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The politics of aesthetic pleasure

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Dali is a draughtsman of very exceptional gifts. He is also, to judge by the minuteness and the sureness of his drawings, a very hard worker. He is an exhibitionist and a careerist, but he is not a fraud. He has fifty times more talent than most of the people who would denounce his morals and jeer at his paintings. And these two sets of facts, taken together, raise a question which for lack of any basis of agreement seldom gets a real discussion.

The point is that you have here a direct, unmistakable assault on sanity and decency; and even — since some of Dali’s pictures would tend to poison the imagination like a pornographic postcard — on life itself. What Dali has done and what he has imagined is debatable, but in his outlook, his character, the bedrock decency of a human being does not exist. He is as antisocial as a flea. Clearly, such people are undesirable, and a society in which they can flourish has something wrong with it.

Now, if you showed this book, with its illustrations, to Lord Elton, to Mr. Alfred Noyes, to The Times leader-writers who exult over the ‘eclipse of the highbrow’ — in fact, to any ‘sensible’ art-hating English person — it is easy to imagine what kind of response you would get. They would flatly refuse to see any merit in Dali whatever. Such people are not only unable to admit that what is morally degraded can be aesthetically right, but their real demand of every artist is that he shall pat them on the back and tell them that thought is unnecessary. And they can be especially dangerous at a time like the present, when the Ministry of Information and the British Council put power into their hands. For their impulse is not only to crush every new talent as it appears, but to castrate the past as well. Witness the renewed highbrow-baiting that is now going on in this country and America, with its outcry not only against Joyce, Proust and Lawrence, but even against T. S. Eliot.

But if you talk to the kind of person who can see Dali’s merits, the response that you get is not as a rule very much better. If you say that Dali, though a brilliant draughtsman, is a dirty little scoundrel, you are looked upon as a savage. If you say that you don’t like rotting corpses, and that people who do like rotting corpses are mentally diseased, it is assumed that you lack the aesthetic sense. Since ‘Mannequin rotting in a taxicab’ is a good composition (as it undoubtedly is), it cannot be a disgusting, degrading picture; whereas Noyes, Elton, etc., would tell you that because it is disgusting it cannot be a good composition.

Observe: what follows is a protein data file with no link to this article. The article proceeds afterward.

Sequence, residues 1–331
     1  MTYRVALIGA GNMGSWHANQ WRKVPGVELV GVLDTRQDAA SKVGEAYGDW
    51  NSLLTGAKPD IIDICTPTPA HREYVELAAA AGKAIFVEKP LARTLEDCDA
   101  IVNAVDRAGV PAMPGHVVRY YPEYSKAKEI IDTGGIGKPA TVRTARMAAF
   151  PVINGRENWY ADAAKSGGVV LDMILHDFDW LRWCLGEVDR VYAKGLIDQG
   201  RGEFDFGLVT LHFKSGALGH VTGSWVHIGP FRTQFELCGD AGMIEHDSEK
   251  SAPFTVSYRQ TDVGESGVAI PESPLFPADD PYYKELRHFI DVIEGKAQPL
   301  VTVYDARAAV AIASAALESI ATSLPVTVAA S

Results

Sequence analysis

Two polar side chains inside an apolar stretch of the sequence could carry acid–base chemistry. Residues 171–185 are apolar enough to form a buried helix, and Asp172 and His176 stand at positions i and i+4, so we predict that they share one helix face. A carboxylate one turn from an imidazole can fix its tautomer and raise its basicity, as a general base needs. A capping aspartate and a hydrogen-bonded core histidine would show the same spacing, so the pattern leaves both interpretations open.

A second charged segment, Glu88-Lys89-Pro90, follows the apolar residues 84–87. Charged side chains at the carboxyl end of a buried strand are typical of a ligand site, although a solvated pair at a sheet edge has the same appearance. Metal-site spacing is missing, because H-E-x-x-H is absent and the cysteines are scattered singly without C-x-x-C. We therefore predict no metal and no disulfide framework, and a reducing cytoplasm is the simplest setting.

George Orwell, “Benefit of Clergy: Some Notes on Salvador Dali” (1944)

This passage touches obliquely on the more general question of what attitude people should take toward good or great artists who happen to have horrible politics or criminal histories etc.

We had a few discussions in Erik’s Loretta Lynn obituary yesterday about whether the fact that Lynn was a Trump supporter and something of an all-around loon should affect one’s enjoyment of her music, or even keep one from enjoying it altogether, via a kind of purportedly principled boycott of the art of “fascists” (One commenter took the to me preposterous position that Lynn was a fascist because she supported Trump. I mean Trump himself has obviously become a fascist, and many of his followers have as well, but claiming that anybody who supports Trump is literally a fascist drains the word of all meaning).

This same issue comes up in discussions of people like Woody Allen and Roman Polanski. Is it OK to continue to appreciate Chinatown as one of the greatest movies ever made, by continuing to watch it from time to time, even though its director is a child rapist? I’m not going to try to answer that question for anybody else, but I do want to insist on something that the Orwell passage touches on, which is that Polanski being a child rapist doesn’t affect the aesthetic value of Chinatown, and it’s a bad thing to start judging the aesthetic value of works of art on the basis of the morals or lack thereof of their creators.

The most extreme version of this cropped up yesterday in a subthread in which people were claiming that Eric Clapton has always been a bad guitarist, as his racist opinions have since made clear. (This is only slightly hyperbole). Again, I’m not telling anybody that they have some sort of obligation to keep enjoying Layla or Disraeli Gears, given that Clapton is a stone racist — and he absolutely is — but when I listen to Layla I’m not going to think about Eric Clapton, racist.

I’m going to think about Duane Allman, drug addict, and Jim Gordon, matricide.

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